In order to become a member of parliament in Pakistan, one needs (or rather needed) a bachelor’s degree (this could be real or fake – according to the chief minister of Balochistan, there is no difference), lots of money, political connections, dubious morals and the right surname.
One can either be born into such good fortune or marry into it. Post the accident of birth or arrangement of fortunate marriage the path to political power is fairly straight and we have been hounded by the specters of dynastic and incompetent politics since Independence. So I began to wonder, if the constitution had any safeguards to prevent us from such inept leadership.
A quick study of the document revealed that there is a whole list of conditions under which a person is rendered ineligible to run for political office. The conditions range from corruption to insanity. Interestingly, the one condition that the document is vague on is the issue of citizenship, particularly dual citizenship. According to the constitution, one can be disqualified from being elected to parliament if, “he ceases to be a citizen of Pakistan, or acquires the citizenship of a foreign state …”
I’m not a constitutional lawyer or a lawyer at all – but even to my untrained eyes, this language seems vague. So while we require political leadership to be sane and moral we don’t require them to be only Pakistani? Pakistan allows its citizens to hold dual nationalities so why deny politicians this legal right?
Because in Pakistan where the popular slogan ‘Pakistan Zindabad’ (long live Pakistan) has changed to ‘Pakistan se zinda bhaag’ (run away alive from Pakistan), holding only Pakistani citizenship by choice is either sheer stupidity or a pretty significant commitment to the people and the country. And as taxpaying citizens of the country, we should demand, at the very least, this commitment from those who we entrust with public office.
I grew up in Islamabad, where over the years I observed the long lines outside of foreign embassies grow longer and longer, a silent testimony that escaping from Pakistan was the first priority for many. In a country where people die of poverty and hunger each day while our leaders house rare Siberian tigers in air-conditioned cages – it is not odd that people want to escape? In a country where minorities are persecuted of minorities and there is hardly any safety of property or life, often the only option left is to run away.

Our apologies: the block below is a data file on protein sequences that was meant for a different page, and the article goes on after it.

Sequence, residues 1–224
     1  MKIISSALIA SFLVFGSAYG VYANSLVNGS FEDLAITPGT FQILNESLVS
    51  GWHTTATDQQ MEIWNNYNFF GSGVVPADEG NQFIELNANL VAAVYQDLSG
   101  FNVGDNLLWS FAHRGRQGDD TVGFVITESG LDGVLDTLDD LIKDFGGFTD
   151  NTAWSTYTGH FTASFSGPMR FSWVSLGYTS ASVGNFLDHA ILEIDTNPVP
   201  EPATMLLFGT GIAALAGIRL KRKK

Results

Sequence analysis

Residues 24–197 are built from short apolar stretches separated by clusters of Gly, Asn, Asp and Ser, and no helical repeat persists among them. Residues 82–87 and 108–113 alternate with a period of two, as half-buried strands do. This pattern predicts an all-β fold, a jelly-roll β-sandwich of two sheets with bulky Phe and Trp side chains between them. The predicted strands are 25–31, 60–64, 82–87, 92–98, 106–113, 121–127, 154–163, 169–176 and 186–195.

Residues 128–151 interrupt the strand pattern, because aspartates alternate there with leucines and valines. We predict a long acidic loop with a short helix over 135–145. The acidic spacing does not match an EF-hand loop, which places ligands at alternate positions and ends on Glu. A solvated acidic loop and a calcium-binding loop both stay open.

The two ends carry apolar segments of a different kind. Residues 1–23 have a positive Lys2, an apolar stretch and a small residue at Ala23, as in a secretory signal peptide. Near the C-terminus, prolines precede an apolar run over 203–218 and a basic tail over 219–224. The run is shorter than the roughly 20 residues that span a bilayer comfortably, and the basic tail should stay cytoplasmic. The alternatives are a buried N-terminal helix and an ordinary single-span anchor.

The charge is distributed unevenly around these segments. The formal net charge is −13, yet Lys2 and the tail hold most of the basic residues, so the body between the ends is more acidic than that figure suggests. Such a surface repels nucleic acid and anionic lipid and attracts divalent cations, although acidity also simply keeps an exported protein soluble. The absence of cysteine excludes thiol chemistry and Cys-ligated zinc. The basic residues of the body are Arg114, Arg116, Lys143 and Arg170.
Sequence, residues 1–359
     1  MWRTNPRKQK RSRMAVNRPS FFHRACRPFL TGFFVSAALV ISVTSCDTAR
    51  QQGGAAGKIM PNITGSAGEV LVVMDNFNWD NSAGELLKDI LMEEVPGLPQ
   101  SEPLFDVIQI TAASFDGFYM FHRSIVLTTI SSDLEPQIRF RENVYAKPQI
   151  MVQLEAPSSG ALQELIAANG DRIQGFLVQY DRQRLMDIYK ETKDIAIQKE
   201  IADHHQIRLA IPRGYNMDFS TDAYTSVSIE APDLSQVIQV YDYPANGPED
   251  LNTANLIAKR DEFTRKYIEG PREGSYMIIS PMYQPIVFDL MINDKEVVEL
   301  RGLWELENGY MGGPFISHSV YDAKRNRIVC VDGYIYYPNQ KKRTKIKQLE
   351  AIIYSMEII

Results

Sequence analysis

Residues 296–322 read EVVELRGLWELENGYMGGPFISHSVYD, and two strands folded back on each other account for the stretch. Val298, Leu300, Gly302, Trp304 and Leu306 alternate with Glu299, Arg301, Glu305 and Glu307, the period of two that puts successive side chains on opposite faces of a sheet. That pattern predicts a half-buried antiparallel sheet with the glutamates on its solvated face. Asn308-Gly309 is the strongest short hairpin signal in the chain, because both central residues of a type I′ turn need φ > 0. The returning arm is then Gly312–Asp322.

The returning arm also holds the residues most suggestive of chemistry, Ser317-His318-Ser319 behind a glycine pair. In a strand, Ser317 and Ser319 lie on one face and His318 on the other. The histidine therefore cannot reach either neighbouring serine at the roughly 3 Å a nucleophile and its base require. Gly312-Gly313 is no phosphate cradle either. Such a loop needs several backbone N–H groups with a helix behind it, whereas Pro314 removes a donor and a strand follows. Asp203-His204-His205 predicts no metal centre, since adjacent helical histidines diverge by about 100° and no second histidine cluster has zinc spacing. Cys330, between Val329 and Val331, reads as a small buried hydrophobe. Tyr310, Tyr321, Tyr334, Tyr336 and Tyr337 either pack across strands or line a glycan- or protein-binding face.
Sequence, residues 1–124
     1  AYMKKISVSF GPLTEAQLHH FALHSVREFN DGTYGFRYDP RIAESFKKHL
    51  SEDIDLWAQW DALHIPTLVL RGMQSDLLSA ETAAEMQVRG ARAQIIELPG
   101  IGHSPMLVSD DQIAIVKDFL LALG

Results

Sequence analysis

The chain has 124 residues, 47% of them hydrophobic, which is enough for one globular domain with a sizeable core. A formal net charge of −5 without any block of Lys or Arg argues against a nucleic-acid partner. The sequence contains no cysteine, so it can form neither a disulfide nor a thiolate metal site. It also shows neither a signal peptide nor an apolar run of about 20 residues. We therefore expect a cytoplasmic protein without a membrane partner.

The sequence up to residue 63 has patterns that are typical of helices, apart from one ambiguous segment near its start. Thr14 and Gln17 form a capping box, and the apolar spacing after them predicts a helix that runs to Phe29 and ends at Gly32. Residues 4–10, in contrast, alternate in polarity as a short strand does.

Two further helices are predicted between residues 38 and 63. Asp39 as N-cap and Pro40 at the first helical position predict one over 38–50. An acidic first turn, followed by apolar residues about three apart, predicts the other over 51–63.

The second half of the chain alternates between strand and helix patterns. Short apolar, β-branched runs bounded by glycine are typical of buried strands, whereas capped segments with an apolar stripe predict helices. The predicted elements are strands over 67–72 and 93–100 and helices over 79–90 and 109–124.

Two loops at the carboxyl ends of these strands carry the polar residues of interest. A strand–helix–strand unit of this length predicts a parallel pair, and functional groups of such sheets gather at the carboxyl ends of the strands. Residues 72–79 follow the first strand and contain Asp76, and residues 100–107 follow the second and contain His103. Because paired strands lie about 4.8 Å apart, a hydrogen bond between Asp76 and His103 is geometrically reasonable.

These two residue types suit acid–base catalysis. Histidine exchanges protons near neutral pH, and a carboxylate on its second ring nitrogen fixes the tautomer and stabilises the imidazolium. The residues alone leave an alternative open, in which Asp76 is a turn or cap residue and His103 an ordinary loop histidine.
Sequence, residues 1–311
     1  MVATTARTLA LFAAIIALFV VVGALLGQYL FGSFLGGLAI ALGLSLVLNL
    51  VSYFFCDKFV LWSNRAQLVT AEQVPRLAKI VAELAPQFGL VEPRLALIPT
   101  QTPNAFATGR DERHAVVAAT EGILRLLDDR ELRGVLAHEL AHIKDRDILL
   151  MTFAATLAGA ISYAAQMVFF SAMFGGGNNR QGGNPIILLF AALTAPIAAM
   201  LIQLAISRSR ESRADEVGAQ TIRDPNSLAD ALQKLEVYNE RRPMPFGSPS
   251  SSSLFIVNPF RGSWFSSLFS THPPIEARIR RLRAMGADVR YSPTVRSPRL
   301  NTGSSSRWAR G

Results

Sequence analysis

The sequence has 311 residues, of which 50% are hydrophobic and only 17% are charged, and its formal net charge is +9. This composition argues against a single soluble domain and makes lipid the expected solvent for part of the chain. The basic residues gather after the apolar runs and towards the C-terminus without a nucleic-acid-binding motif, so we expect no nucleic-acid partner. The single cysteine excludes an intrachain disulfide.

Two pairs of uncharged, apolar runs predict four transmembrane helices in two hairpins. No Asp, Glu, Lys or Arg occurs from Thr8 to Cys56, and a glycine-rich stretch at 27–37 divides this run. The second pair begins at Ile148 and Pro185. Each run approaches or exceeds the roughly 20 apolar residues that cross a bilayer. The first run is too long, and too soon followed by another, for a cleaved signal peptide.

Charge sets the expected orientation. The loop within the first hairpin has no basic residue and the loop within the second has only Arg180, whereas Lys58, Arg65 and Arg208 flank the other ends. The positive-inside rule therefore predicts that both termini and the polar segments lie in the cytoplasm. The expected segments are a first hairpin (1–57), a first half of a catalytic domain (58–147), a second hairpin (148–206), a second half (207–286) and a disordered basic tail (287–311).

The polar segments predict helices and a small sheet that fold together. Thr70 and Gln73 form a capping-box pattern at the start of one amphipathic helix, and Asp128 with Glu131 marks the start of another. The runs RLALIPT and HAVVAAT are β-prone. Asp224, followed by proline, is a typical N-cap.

I don’t have a problem with those who want to leave and build for themselves a better life. I have no problems with those who want to hold dual citizenship but live in Pakistan because this is where their heart belongs. But I do have a problem with those, who want to lead, live in style on taxpayer money, make decisions on behalf of the 170 million people of this country but hold in their hands, an easy exit strategy – dual citizenship.
Dual citizenship denotes that the person has a significant allegiance to or interest in another country. And while this is not a bad thing on its own, it is not the most desirable quality in a public representative. Public office holders should have only one allegiance, and it should be to the country and people that they represent. And those who aspire to leadership positions in the country should be required to give this commitment. Steering Pakistan’s future is a pretty big responsibility and it should not be granted to those who are not ready to show single-minded allegiance to the cause.
Also, leaders with foreign passports are like foreign capital – they flee when the going gets tough! Those who know they are unable to flee are more likely to act in the long-term interest of the nation and less like fickle foreign investments. So before you ask for my vote – please assure me that when the going gets tough you will not run and, if this ship sinks you are prepared to sink with it. Only captains willing to sink with their ship will do everything in their power to keep it afloat.
Unfortunately, for far too long, we have written off our politicians as a lost cause. We have stopped demanding of them the commitment that we as citizens deserve. And a good place to start would be demanding a show of commitment to the country by requiring all public office holders to hold only Pakistani citizenship. I am sick and tired of politicians who reap the benefits of the country and build business and property in foreign lands. I am tired of big-wigs being imported from abroad who treat the country like their personal political experiment and then leave when the country fails to respond as they wanted.
So can someone please take note of the constitutional vagueness that allows subjects of her Majesty, Queen of England or those that have pledged allegiance to the star-spangled banner from running for political office and making decisions on behalf of the people of Pakistan?
Sehar Tariq is Pakistani citizen (only) who wishes we had better and more dedicated leadership. She blogs at www.sehartariq.wordpress.com
The views expressed by this blogger and in the following reader comments do not necessarily reflect the views and policies of the Dawn Media Group.